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Planograms in Retail

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As the retail industry grows increasingly competitive, retailers are turning to planogram (What is a Planogram?) software and planogram visuals to reflect each store’s unique customer desires and localised demands – while maintaining centralised control and supply efficiencies.

A planogram is basically a blueprint of where products should be placed on retail outlet shelves and displays. Often a retail planogram can look quite basic, but often has taken a great deal of thought and foresight – often produced on expensive space management software.

Frequently with retail planograms the software commonly stores the width, depth and height of each product and the SKU (Stock-keeping unit), along with an electronically stored visual image of the product. The software user can then automatically create a planogram by dragging then dropping products on different shelves, whilst estimating stock holding of the shelves and optimising restocking time.

Although there are many types of retail, and many different categories and store sizes – the basic planogram system, in principle, is quite similar. The complexity of a planogram may vary by the size of the store, the software used to create the planogram and the need of the retailer. Planograms can be as simple as a photo of a pre-set section or more detailed with numbered peg holes and shelf notches showing exact placement of each item. Although the format may be similar the price for the more complicated software systems that hold thousands of products can rise dramatically.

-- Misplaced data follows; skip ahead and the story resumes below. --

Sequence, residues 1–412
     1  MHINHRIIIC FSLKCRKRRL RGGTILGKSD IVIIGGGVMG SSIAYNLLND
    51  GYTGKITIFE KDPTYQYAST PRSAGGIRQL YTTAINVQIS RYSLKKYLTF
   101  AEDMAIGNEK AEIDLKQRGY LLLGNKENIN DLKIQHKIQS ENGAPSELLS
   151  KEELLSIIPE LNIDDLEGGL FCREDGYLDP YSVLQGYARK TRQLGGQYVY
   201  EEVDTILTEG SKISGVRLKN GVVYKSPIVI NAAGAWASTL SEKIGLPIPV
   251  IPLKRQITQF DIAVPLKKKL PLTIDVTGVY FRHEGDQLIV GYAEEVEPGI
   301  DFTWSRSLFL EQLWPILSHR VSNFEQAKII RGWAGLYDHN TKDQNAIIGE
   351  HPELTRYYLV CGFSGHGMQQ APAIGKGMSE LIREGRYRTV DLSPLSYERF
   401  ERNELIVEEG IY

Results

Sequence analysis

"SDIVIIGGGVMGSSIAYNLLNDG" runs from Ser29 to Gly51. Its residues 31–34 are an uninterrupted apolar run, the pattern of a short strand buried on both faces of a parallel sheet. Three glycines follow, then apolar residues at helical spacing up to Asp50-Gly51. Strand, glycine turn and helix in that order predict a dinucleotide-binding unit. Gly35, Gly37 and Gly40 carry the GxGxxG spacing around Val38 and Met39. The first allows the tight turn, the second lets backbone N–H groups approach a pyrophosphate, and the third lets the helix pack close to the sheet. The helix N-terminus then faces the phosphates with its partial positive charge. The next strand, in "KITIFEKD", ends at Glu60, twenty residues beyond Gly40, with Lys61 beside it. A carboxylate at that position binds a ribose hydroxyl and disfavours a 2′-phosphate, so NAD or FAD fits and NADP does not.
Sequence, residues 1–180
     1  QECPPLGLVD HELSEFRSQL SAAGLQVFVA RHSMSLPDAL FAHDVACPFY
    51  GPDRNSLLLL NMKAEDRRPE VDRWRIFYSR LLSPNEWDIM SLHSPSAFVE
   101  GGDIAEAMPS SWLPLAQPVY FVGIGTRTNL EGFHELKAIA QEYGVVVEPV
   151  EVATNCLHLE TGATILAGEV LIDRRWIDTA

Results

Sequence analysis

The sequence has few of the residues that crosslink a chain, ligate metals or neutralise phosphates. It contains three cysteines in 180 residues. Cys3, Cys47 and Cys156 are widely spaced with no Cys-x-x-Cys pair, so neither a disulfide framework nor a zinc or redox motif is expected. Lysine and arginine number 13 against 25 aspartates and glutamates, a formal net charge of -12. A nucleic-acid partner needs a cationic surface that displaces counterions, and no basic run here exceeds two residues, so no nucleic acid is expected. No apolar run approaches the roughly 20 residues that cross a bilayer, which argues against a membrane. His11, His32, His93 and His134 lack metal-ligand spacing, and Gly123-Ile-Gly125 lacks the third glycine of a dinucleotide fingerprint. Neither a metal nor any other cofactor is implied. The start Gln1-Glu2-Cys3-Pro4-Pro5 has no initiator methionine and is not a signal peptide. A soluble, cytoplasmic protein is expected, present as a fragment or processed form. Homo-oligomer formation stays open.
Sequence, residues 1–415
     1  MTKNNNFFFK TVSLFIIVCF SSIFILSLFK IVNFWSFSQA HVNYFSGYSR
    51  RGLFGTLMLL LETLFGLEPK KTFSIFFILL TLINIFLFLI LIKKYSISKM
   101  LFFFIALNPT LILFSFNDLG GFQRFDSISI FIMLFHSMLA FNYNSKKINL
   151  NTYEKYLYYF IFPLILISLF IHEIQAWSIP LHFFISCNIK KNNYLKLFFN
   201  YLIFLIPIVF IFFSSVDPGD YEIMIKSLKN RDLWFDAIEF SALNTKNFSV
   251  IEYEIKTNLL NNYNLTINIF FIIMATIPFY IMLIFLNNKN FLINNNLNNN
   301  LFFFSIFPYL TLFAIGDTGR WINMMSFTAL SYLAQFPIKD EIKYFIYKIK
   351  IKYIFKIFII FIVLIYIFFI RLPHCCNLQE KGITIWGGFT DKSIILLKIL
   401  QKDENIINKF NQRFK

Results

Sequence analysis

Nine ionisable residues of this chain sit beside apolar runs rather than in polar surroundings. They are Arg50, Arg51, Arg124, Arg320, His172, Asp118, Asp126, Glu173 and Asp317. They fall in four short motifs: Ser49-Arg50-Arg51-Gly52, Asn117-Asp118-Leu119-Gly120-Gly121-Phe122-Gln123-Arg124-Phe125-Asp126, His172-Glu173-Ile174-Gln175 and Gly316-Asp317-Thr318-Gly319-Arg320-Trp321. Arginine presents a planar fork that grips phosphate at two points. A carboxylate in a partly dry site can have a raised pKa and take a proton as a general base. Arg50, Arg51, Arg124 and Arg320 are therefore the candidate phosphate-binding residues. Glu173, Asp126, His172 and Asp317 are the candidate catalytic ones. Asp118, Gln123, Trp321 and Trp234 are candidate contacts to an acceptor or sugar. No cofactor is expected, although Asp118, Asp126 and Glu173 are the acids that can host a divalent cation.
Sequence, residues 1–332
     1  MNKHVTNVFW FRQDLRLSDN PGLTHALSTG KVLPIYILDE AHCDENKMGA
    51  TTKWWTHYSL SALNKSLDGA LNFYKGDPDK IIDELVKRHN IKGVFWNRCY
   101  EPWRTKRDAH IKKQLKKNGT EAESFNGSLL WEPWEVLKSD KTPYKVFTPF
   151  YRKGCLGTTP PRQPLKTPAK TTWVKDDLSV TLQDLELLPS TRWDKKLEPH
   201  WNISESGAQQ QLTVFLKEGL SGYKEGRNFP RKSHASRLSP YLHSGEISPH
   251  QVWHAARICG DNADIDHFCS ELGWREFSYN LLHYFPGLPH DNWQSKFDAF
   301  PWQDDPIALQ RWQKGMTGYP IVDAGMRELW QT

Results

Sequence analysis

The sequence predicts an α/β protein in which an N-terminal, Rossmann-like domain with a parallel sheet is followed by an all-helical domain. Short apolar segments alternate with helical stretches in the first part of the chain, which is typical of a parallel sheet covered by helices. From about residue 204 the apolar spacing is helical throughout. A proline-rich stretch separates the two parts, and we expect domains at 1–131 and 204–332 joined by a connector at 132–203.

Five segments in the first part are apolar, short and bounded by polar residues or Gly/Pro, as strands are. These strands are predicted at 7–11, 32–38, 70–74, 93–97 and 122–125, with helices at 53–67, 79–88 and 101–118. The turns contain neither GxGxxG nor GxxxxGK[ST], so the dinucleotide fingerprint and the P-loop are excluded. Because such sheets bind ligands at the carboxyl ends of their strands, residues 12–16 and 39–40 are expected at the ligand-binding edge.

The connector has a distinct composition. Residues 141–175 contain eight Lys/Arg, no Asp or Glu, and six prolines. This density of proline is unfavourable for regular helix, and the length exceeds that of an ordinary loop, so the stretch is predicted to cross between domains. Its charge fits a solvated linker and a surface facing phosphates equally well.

Huge box stores and larger retailers typically hire merchandising specialists to assist in developing retail planograms, some may have their own in-house planogrammers. Due to the increasing cost of planogram software, small convenience stores and local independent stores often have to rely on word processors or even paper and pen to optimize shelf layout.

Planograms may differ somewhat when it comes to the different types of retail products. Fast Moving Consumer Goods (FMCG’s) organisations and supermarkets largely use text and box based planograms that optimize shelf space, inventory turns and profit margins. Apparel brands and retailers are more focused on presentation and use pictorial planograms that illustrate a certain ‘look’ and also identify each product.

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